The Church of Jesus Christ of Latter Day Saints encourages its members to be self-reliant.  This is one of the tenets of our faith. Self-Reliance is the ability, commitment, and effort to provide the spiritual and temporal necessities for one self and family.  When we become self-reliant we can in turn  help and give service to others.
Since Elder Wood and I have been in Ghana we have facilitated several twelve week self-reliances classes.  My Job Search, Education for Better Employment, and  Starting and Growing your own business were three of the classes that we ran. These classes were well attended and most people who enrolled were able to obtain a certificate at the end of the course.  There was extensive homework and assignments to complete. The students helped each other in the courses.
The article below written by Cindy Aden is a very short but very true commentary on how to help Africa from an African.  Since we live in Africa we can say here-here to what has been written.
The article was written by Cindy Adem who lives in Nairobi, Kenya.  
First step.

Stop looking at us like victims. Like people who need to be ‘saved’ and rescued from ourselves. Like charity cases who add nothing to the world except take, take, take. Because the truth of the matter is, we have consistently been taken from. Been robbed, overtly and covertly. Seductively or brutally. And that is the truth.

Let’s look at solutions though:

  1. We need trade, not aid. Come establish your businesses here, employ the local population.
  2. Partner with us in our attempts to find solution to our own problems, do NOT pretend/assume you know what we need.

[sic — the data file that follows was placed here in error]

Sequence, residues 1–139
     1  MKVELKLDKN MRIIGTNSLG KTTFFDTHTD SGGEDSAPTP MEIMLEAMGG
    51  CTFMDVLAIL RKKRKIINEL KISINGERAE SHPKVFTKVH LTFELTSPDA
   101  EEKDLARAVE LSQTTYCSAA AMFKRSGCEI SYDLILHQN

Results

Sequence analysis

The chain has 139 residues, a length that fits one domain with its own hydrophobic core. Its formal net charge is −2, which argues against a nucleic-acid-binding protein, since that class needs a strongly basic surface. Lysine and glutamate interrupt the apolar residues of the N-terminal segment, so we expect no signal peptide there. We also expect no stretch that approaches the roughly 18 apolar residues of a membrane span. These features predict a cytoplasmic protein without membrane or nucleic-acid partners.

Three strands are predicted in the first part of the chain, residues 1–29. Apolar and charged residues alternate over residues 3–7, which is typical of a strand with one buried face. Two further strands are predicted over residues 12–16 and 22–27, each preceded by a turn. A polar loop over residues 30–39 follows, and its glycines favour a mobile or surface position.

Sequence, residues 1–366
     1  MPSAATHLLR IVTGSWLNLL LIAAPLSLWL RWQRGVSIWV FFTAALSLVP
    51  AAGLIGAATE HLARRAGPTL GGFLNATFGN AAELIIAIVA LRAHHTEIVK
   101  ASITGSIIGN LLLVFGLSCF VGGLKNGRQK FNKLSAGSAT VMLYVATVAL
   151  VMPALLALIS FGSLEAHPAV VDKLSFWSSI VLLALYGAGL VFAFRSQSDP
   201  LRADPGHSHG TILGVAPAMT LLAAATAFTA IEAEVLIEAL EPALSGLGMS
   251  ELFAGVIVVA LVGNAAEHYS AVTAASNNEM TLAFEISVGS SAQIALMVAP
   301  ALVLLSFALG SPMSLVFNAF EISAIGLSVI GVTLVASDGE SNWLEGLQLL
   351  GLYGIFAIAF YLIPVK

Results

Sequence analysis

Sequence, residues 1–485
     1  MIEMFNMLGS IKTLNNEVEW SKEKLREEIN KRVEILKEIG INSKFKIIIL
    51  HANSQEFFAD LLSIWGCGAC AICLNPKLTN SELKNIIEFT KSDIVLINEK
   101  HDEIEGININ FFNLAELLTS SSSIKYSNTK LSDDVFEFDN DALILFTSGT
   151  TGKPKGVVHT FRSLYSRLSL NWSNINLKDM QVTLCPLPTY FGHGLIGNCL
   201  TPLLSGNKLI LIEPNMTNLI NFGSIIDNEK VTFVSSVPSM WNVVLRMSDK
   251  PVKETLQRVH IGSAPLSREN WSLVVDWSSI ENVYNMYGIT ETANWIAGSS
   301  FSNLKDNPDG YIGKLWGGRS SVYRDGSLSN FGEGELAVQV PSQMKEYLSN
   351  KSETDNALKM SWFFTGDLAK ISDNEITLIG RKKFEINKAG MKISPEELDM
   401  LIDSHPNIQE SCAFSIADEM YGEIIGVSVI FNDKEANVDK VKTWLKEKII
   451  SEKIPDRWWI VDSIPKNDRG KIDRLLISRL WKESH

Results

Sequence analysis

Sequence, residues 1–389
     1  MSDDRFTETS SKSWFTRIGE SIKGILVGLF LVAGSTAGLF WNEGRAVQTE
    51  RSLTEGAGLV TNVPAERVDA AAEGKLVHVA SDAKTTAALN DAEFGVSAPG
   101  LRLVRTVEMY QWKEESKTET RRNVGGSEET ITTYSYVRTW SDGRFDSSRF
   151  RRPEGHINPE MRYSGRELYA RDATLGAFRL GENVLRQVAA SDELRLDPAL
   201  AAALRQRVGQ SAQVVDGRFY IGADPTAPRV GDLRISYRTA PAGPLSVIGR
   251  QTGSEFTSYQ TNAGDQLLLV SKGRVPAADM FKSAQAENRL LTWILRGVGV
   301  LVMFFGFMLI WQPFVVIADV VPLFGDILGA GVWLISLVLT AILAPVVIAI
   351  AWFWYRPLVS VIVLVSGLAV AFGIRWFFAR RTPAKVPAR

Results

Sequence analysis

3. Manufacture/assemble your products here. I’m talking about phones, vehicles, etc… the labor is available and affordable. And capable.
  4. Allow us better terms in international trade agreements (this has been happening so, let’s keep it that way if not better).
  5. If you feel you need to donate, go through local small businesses; those are the ones growing the economy. The government steals from the people and most non profits are addicted to international dollars.

Most importantly:

Please….. For all that is good and heavenly, refuse to steal from usDo not buy our gold and send the money to a personal account in the Caymans. Refuse to accept stolen money to be hidden in your borders. Stop giving ridiculous bribes for projects you otherwise do not deserve.

In short, just don’t be shitty human beings. If you know you’d riot if what you’re doing to us was done in your own country, refuse to be a part of that.

But, if you forget anything else, remember this: